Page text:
Re: Blank nodes as predicates Re: Blank Nodes Re: Toward easier RDF: a proposal

In my 2nd year report PhD report I have a longer chapter on how RDF works with Institution
Theory (IT) [1].  In IT, which was developed by the late Goguen in order to reveal the
structure common to all logics - and so in particular of RDF.  The interesting thing is
that if one defines RDF in IT , it is easier to start with Signatures that contain only
IRIs - call that Signature S.  It turns out then to be extremely easy to add blank nodes by
a simple morphism from S to a signature S+X that is S with variables. This can be done
with all logics, and it seems is the way IT brings together existential and universal
quantification in one simple definition.

The interesting thing seems to be that when one does that, if one takes blank nodes to be
existential quantifiers, as I think we all do, then blank nodes fall out automatically in
predicate position too.

So this indicates two things:
    - if you ever develop a language without existential quantifiers you automatically
    have another language with existential quantifiers that falls out automatically
   - that language has them in predicate position - though there is a note in the IT books
   about some consequences of that which I need to look into.

I can post that chapter here where I go into detail if people are interested. My aim was to
write it so that it is easy enough to read by people with no background in IT or CT.  I would 
need to fix up a number of typos that have been pointed out to me in the meantime, and see
if I can understand the asterisk pointed out about quantification over predicates that I saw
and see how that would apply to RDF. 

Since we are thinking of changing RDF we are inevitably in IT land, as we are looking at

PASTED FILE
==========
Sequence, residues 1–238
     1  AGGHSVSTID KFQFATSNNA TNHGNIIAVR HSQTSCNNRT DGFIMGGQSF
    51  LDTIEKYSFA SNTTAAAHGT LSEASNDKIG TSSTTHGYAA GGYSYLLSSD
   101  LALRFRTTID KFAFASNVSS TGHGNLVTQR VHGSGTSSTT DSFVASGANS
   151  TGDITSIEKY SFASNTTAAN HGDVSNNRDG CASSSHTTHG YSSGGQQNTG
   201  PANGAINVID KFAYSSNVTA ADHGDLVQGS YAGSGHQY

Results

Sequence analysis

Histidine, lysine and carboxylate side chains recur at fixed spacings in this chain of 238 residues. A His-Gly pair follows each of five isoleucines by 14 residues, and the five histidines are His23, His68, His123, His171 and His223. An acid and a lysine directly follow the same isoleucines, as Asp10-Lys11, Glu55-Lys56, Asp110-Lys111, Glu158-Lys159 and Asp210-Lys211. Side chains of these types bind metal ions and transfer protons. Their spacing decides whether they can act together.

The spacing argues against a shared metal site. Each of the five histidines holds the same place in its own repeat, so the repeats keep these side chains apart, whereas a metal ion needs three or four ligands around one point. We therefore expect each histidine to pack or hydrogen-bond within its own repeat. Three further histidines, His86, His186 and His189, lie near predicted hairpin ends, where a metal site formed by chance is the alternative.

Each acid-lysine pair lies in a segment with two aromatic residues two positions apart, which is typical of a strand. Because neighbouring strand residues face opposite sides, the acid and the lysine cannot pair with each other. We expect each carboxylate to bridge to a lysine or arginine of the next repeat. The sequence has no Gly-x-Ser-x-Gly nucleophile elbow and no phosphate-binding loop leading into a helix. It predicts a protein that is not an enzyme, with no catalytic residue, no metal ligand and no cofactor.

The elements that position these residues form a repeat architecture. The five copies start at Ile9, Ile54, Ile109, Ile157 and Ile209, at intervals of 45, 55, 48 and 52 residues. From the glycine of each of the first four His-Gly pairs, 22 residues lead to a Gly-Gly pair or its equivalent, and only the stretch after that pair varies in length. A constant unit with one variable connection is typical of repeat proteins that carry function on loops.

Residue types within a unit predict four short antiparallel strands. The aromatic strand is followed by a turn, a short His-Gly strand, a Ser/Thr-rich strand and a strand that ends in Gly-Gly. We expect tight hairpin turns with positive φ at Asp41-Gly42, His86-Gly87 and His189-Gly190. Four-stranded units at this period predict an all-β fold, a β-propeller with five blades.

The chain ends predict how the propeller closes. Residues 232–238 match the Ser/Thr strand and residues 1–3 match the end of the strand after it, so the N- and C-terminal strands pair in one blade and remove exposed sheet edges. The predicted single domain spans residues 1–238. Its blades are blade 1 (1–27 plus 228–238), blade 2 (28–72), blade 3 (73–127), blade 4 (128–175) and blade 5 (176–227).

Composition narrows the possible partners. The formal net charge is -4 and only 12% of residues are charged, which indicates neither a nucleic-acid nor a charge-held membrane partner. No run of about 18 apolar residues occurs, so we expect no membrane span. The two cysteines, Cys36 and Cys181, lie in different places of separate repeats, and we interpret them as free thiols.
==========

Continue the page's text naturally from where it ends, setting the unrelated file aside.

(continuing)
changes to the language, and so morphisms between languages.



> On 23 Nov 2018, at 01:31, Nathan Rixham <> wrote:
> blank node identifiers in a surface syntax are a pita, issue causing, troublesome, discussion causing, skolemization causing
> as for blank nodes themselves, I see no issue personally, or reason to preclude them from any position in a triple - I'd rather have no IRI than a useless one.
> I can't remember ever seeing somebody say I want to have two json objects in a document that are the same json object but encoded and presented as two in that document, using some random identifier only valid to this serialization of the data to allow me to see they should be considered the same document, with x,y,z rules to combine them together and deserialize then reserialize, perhaps with skolemization of ... please no.
> Graph = Set of Triple
> Triple = Node, Node, Node
> Why complicate it further?
> On Thu, Nov 22, 2018 at 11:52 PM David Booth < <>> wrote:
> On 11/22/18 9:14 AM, Tim Berners-Lee wrote:
> >> On 2018-11 -22, at 13:54, Martin G. Skjæveland < <>> wrote:
> >> On 22/11/18 13:02, Tim Berners-Lee wrote:
> >>>> On 2018-11 -21, at 22:40, David Booth wrote:
> >>>> Blank nodes are special second-class citizens
> >>>> in RDF.  They cannot be used as predicates,
> >>> Agreed it messes up the symmetry.  Actually in most of my code you can use a blank node as a predicate.  That said, RDF is unusual in having as much symmetry.
> >>
> >> I like symmetry. Can we get a ✅ for blank nodes as predicates too?
> > 
> > Yes, please!
> Not so fast please.  While I fully agree with the symmetry objective, I 
> think adding *more* blank nodes would be going in exactly the *wrong* 
> direction.   We *do* need the convenience that blank nodes currently 
> provide, but we *don't* need blank nodes themselves, as Skolem IRIs have 
> already demonstrated.
> IMO a much better route for *easier* RDF would be to *eliminate* blank 
> nodes entirely -- or at least make them invisible to users -- while 
> *still* retaining the convenience that they currently provide.  I think 
> this is achievable, but it will require some creativity and careful 
> engineering, to:
>   - Make IRIs *easy* to allocate; and
>   - Adopt higher-level RDF language constructs that eliminate or hide 
> blank nodes.
> As you suggest in a separate message, I think the implicit blank node 
> constructs of [] and () that N3 and Turtle provide are an excellent step 
> toward meeting the second of these requirements.  But I don't think they 
> are quite enough.
> David Booth

Received on Friday, 23 November 2018 07:53:01 UTC